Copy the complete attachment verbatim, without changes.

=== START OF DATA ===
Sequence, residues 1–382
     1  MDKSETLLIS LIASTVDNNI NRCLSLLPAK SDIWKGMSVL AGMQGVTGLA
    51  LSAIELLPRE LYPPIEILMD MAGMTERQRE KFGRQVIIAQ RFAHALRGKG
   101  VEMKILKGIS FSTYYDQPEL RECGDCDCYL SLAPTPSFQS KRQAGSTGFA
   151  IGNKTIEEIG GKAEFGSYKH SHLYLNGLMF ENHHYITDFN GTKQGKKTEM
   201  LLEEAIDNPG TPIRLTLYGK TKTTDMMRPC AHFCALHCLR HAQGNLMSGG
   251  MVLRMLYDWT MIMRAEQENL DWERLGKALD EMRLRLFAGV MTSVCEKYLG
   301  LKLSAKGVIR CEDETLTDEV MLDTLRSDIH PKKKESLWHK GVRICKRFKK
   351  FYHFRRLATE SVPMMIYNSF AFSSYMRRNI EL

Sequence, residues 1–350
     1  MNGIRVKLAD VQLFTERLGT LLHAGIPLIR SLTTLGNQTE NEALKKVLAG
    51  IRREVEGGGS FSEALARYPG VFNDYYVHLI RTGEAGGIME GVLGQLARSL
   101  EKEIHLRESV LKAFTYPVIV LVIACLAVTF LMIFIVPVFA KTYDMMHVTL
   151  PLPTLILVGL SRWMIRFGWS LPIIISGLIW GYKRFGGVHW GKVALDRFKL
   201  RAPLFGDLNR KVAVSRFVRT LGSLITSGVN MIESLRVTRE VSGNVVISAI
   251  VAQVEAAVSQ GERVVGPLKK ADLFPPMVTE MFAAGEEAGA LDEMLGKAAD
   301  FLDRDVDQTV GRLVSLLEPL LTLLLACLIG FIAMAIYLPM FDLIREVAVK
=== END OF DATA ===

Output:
Sequence, residues 1–382
     1  MDKSETLLIS LIASTVDNNI NRCLSLLPAK SDIWKGMSVL AGMQGVTGLA
    51  LSAIELLPRE LYPPIEILMD MAGMTERQRE KFGRQVIIAQ RFAHALRGKG
   101  VEMKILKGIS FSTYYDQPEL RECGDCDCYL SLAPTPSFQS KRQAGSTGFA
   151  IGNKTIEEIG GKAEFGSYKH SHLYLNGLMF ENHHYITDFN GTKQGKKTEM
   201  LLEEAIDNPG TPIRLTLYGK TKTTDMMRPC AHFCALHCLR HAQGNLMSGG
   251  MVLRMLYDWT MIMRAEQENL DWERLGKALD EMRLRLFAGV MTSVCEKYLG
   301  LKLSAKGVIR CEDETLTDEV MLDTLRSDIH PKKKESLWHK GVRICKRFKK
   351  FYHFRRLATE SVPMMIYNSF AFSSYMRRNI EL

Sequence, residues 1–350
     1  MNGIRVKLAD VQLFTERLGT LLHAGIPLIR SLTTLGNQTE NEALKKVLAG
    51  IRREVEGGGS FSEALARYPG VFNDYYVHLI RTGEAGGIME GVLGQLARSL
   101  EKEIHLRESV LKAFTYPVIV LVIACLAVTF LMIFIVPVFA KTYDMMHVTL
   151  PLPTLILVGL SRWMIRFGWS LPIIISGLIW GYKRFGGVHW GKVALDRFKL
   201  RAPLFGDLNR KVAVSRFVRT LGSLITSGVN MIESLRVTRE VSGNVVISAI
   251  VAQVEAAVSQ GERVVGPLKK ADLFPPMVTE MFAAGEEAGA LDEMLGKAAD
   301  FLDRDVDQTV GRLVSLLEPL LTLLLACLIG FIAMAIYLPM FDLIREVAVK